It is very often in the earliest stages of learning the guitar that you experience what seems like the biggest hurdles. Your fingers don’t seem to stretch as much as required, and they seem too stiff and blocky.
If you can’t wait to start playing your favorite songs, you’re probably asking yourself: how long does it take to learn guitar chords anyways?!
Well, there isn’t one answer. It depends on how many hours of practice you’re putting. If you’re someone who is juggling work and a family, then chances are you’ll get only 20 minutes a day at most.
If, however, you seem to have some time on your hands or you’re just a teenager, then its quite possible for you to put in 3-4 hours a day.
While there isn’t a general standard of the amount of time you will take to learn your chords, there does seem to be a direct correlation between the amount of practice and skill.
Despite all this, there are ways in which you can speed up your learning process when it comes to chords. So, here are a few key rules of thumb to help simplify and speed up your chord learning stage.
It’s no secret that there are thousands upon thousands of guitar chords, though even some of the most successful guitarists get by with learning only a few. The main types are Open chords and Barre (or Bar) Chords.
Learning these will be enough to allow you to play more than half the songs ever written! In fact, you can play plenty of songs with just 2 chords. But don’t go after barre chords so quickly as they are quite harder to play. First, get a general idea of the open chords.
All chords can be either Major, Minor chords (or Diminished, but that’s somewhat above your current paygrade). Major chords are happy, bright sounding chords. Minor chords are sad, melancholic sounding chords. All music is a variation between these hopeful and despairing moods.
There are a host of different chords that you’ll learn about later, for instance, seventh or suspended chords. But for now, you only need to focus on two!
Open chords derive their name from the fact that these chords require you to play open strings as well as fretted notes. You can play all the basic chords as open chords.
Once you get the fingering down right, you’ll need to focus on your strumming and rhythm. Start off slow with only big downstrokes. Then alternate between downstrokes and upstrokes.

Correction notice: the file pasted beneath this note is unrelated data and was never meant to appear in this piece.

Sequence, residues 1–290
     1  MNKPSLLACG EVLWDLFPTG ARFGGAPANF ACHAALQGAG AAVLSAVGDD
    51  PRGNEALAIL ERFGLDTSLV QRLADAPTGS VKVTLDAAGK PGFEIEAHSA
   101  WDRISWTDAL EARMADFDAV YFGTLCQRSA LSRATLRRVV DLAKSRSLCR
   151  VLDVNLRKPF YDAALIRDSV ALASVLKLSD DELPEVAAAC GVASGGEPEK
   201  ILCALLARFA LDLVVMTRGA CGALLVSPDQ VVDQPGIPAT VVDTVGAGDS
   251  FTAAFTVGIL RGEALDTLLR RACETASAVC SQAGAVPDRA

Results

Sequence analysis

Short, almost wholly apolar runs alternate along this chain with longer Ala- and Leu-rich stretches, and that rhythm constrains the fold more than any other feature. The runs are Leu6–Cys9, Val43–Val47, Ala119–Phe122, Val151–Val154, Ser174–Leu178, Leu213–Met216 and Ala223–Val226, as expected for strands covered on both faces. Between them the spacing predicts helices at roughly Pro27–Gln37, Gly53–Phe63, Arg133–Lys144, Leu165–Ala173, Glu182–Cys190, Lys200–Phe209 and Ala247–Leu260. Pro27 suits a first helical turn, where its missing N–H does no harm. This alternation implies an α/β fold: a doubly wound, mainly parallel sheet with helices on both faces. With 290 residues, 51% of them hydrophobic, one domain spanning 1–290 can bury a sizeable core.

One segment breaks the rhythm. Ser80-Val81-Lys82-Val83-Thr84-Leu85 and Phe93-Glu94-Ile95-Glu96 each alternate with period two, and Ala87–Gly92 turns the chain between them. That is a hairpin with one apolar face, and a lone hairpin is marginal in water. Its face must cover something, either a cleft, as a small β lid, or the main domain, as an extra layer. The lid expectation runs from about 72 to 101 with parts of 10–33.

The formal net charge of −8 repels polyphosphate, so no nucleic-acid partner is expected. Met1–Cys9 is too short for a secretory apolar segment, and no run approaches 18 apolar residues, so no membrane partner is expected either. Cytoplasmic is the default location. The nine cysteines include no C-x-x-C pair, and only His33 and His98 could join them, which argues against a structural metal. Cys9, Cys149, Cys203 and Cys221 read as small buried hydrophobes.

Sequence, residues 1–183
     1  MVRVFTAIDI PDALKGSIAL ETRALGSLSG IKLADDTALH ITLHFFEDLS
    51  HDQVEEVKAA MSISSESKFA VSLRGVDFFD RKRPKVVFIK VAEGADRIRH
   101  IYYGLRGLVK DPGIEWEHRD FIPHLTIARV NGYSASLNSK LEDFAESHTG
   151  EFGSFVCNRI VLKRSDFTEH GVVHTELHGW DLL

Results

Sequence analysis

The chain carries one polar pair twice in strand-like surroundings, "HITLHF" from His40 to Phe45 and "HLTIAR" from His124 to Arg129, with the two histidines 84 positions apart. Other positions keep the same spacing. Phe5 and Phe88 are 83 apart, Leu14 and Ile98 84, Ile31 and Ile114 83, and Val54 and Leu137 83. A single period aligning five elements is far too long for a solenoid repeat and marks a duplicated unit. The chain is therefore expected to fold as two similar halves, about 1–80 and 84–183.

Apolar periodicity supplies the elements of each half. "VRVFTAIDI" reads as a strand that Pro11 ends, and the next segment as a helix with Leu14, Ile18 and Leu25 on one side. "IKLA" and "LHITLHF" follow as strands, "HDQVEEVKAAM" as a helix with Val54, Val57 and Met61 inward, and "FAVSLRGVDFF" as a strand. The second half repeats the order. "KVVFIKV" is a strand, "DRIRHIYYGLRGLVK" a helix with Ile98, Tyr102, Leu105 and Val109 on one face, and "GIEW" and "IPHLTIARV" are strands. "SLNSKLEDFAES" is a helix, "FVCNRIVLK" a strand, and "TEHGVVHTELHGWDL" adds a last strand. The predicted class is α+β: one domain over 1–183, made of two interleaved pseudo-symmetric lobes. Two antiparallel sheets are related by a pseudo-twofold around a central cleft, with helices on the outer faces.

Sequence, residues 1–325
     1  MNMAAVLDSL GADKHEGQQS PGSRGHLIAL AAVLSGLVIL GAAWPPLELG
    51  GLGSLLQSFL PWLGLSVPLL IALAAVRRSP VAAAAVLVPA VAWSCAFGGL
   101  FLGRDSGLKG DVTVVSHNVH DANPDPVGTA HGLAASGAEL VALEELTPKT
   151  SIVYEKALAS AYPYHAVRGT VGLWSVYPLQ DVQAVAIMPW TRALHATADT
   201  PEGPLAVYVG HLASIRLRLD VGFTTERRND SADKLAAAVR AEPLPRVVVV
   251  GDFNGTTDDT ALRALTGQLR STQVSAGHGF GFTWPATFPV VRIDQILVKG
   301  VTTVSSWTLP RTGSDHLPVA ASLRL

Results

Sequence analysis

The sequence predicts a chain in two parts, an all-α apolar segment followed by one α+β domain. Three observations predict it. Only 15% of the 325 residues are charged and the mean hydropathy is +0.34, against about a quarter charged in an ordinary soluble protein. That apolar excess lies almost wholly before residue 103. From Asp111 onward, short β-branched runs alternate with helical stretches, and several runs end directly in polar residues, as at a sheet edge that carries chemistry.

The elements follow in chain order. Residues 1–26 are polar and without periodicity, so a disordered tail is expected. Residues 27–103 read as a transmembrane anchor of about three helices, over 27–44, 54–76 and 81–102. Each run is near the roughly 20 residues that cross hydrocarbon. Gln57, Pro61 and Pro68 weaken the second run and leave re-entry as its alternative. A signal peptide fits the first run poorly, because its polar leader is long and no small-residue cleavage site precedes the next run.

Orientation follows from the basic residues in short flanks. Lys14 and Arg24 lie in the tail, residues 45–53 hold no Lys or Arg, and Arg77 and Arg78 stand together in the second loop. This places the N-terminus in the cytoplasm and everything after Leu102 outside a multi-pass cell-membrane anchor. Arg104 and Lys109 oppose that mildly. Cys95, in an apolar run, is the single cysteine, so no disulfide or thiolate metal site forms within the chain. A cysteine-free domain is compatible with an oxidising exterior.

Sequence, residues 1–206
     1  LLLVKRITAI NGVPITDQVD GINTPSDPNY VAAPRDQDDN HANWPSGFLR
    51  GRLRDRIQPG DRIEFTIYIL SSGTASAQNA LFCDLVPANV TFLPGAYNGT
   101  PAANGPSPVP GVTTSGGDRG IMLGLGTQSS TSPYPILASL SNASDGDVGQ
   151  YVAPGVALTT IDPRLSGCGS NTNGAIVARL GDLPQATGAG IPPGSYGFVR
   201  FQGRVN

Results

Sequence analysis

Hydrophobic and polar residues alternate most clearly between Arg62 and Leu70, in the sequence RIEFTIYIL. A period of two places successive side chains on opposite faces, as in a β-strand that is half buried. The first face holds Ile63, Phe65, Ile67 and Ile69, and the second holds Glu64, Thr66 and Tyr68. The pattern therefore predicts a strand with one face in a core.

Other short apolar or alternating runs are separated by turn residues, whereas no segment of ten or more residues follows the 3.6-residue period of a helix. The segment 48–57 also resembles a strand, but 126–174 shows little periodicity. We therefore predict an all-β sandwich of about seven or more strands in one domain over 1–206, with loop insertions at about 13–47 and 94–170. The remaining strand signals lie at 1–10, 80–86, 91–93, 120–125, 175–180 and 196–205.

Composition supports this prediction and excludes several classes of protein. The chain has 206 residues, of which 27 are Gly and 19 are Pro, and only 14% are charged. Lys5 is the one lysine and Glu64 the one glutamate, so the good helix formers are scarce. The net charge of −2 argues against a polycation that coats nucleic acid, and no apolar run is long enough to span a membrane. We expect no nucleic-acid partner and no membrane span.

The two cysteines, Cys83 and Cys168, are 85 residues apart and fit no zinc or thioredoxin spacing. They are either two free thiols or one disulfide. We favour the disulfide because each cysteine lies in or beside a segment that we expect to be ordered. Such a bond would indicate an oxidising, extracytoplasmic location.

Tip: To ease your transitions between chords, figure out which finger remains in the same spot in the next chord. For instance, between D major and G major transitions, you can keep your ring finger placed firmly on the 3rd fret of the B string in both chords. This will serve as a pivot while you shift your other finger. Check out this tutorial on this exact topic.
Learning to play chords is frustrating, but one thing you should keep in mind is that it’s not supposed to come so easily. You are learning a new instrument, and that means reconfiguring your fingers to work in certain ways.
What you can do is to keep a focused, directed practice session and put in some time regularly, as your schedule allows. Your commitment and enthusiasm are your only life-supports when it comes to learning the guitar in general.
Tip: Make sure your fretting hand fingernails are trimmed so that they don’t get in the way of you playing the chords.
Bonus tip: Experiment with the amount of pressure needed to play the chords without any buzz. Learn to avoid overly strong grips as this can tire you quickly. Get your guitar set up properly if it’s difficult to play.
If you are committed and put in at least 2 hours a day to learning chords, it is quite possible that you will learn all the basic open chords (both major and minor) within a couple of weeks. But please don’t take this as a rule of thumb!
You can take several weeks as well; there is no shame in facing adversity. What matters is pushing through it. Pretty soon, you’ll forget thinking about how long does it take to learn guitar chords. Instead, you’ll be strumming along to your favorite tunes and creating new ones!